Mandarin Grill Chef Sunday Tour @ Mandarin Grill + Bar, Mandarin Oriental Hotel Hong Kong

I’m betting my bottom dollar that most of you dudes and dudettes are fans of the Masterchef series.

How awesome was Heston’s Blumenthal’s week long appearance on Masterchef?  I hope none of you missed out the fun-filled molecular themed episodes – with lots of liquid nitrogen, dry ice, spherications, smokes, etc. That particular episode on ‘Medieval Feast’ with the ‘vegetable patch’ reminded me that I have not blogged about my degustation dinner at Mandarin Grill + Bar in Hong Kong a couple of months ago.

Date of Visit: June 2 2013

Mandarin Grill + Bar is a 1-Michelin stared restaurant in Hong Kong synonymous for decadent dining – delicious food, sophisticated ambience, fantastic service, arty food presentation – all for HK$1,588+10% per person for the degustation.  A dress code is in force.  All men must wear a jacket and keep it on at all time.  No torn ripped jeans even the designer ones.  (Anyone remember Marc Jacobs’ kilts fiasco?  He was refused entry to a restaurant because he contravened the restaurant’s dress code by wearing a ‘skirt’?  It made news – and some noise!)

Anywaz…

The gastronomy at Mandarin Grill + Bar has enough neologisms and touches of creativity to convince the most discerning food critic and yet mom would still be happy with the landings in front of her. Since I was hosting  dinner for 6 on that night, I used my Samsung Note  to take these quick blurry snaps and relied on my memory of the highlights of the night – so apologies for the horrible photos and sketchy food notes.

Under the guidance of the sommelier, my guest chose a Kabinett Riesling and a Nuits Saint Georges for dinner. I liked the French Burgundy, but found the German Riesling slightly too sweet as I refer drier varietals.

With our wines ordered, menus collected and everyone at the table comfortably settled, the waiters brought out a potted olive bonsai plant. A bit puzzling at first until the waiter said  to imagine eating the spherifed olives under the olive tree. Visual aid is said to evoke our memory center in our brains which works by enhancing the flavour receptors in our taste buds hence making the corresponding food taste better. To be honest, I cannot remember how the spherified olives tasted like…  The key of making ‘olives out of olives’ is to find olives that have a great quality juice that tastes great, here is a link of a tutorial by Ferran Adrian.  

The melt-in-your-mouth gougères rolled in parmesan cheese (presented in a Mandarin tin box) and olive gougères on the other hand, were heavenly, I distinctively remember the sweet buttery aroma of cheeses in the crumbly gougères.

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A pot of olive bonsai plant, with spherified olive and extra olive Gougères

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Gougères rolled in parmesan cheese (presented in a Mandarin tin box)

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Gougères

The warm soft breads were fresh out of the oven. A trolley of 5 types of  olive oils were wheeled to our table.  The waitress explained in detail the flavours and nuances of each type of oil hailing from different countries.  I think I chose the French, although in hindsight, I should have chosen ‘Lambda’ from Greece, the world’s most expensive olive oil (read here)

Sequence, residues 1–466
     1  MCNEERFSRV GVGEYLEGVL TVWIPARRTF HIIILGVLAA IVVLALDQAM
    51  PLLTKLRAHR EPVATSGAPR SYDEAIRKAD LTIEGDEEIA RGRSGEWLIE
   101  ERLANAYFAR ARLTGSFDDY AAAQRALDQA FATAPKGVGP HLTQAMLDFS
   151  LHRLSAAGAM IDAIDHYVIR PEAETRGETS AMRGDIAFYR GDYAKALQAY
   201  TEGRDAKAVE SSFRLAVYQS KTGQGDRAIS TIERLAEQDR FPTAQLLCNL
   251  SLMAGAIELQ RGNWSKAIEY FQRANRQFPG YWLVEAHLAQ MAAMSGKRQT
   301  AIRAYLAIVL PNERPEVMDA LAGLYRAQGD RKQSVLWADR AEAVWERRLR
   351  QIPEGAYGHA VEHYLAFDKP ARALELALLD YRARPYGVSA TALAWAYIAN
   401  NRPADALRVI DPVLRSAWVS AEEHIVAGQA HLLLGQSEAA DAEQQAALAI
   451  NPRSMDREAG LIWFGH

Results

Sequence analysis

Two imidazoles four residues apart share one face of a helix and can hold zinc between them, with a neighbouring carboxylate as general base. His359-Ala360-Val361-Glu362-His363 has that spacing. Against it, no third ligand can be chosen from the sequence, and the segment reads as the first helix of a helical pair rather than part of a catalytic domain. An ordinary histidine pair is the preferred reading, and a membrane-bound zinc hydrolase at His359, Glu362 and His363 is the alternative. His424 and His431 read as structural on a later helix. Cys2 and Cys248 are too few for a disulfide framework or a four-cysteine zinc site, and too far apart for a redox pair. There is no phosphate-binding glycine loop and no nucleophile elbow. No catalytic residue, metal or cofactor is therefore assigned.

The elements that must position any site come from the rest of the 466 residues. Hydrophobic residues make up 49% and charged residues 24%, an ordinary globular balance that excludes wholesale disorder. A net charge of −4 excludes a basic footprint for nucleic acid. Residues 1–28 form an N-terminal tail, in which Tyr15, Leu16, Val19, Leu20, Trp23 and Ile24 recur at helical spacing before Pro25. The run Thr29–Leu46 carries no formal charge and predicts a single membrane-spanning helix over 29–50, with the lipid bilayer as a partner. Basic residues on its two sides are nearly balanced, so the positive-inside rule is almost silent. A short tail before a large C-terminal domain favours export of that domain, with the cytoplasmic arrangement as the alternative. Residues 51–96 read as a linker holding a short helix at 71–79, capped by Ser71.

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House-made soft rolls

The presentation of a Flower Pot for each of the diners marks the 1st course.   It was accompanied by the ceremonial watering of the plant with a tea infusion from a watering-can!   Inside the Flower pot was a small garden patch of herbs and sous-vided root vegetables stuck in a creamy concoction and edible soil. This was quite similar to the Masterchef contests’ vegetable garden whereby they used egg mayonnaise (for earth), topped with chopped-up dried olives and nuts for make-believe edible soil.  I am not sure whether the same ingredients were used for the pot, but the pot was exceptionally divine – a bit too heavy and filling though.

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Flower Pot

Salmon and Caviar
I am assuming that the caviar was of the sustainable farmed varietal.     Because I nipped off to the Ladies (there was an attendant stationed there to hand me  a hand towel after I had washed my hands), I didn’t realise that we had to share a tin between 2 people.  I only realised later when I had a good half of it.  I think there was lobster boursin under the bed of caviar.  It was very delicious.  My apologies to my guest, but since she had recently attended a lavish wedding reception, she told me, that she has had enough of her share from the humongous bowl of caviar that is so de rigueur in Hong Kong society weddings nowadays.

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Caviar

The hedonistic salmons came out in style, smoking on a bed of herbs/hay.  This is smoked-cured-salmon-heaven and very good!

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Salmon

Sirloin
5 slices of tender juicy beef arranged in a circle around different types of mushrooms, (and a piece of dehydrated mushroom) on a heavy timber board- the waiter gave us a tall-tale of “cows roaming in the woods”.  Really?  We all thought that the story-line could be improved with “deers roaming in the forest”.  Whoever heard of cows in woods anyway?  This came accompanied with mash potatoes and spinach

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Sirloin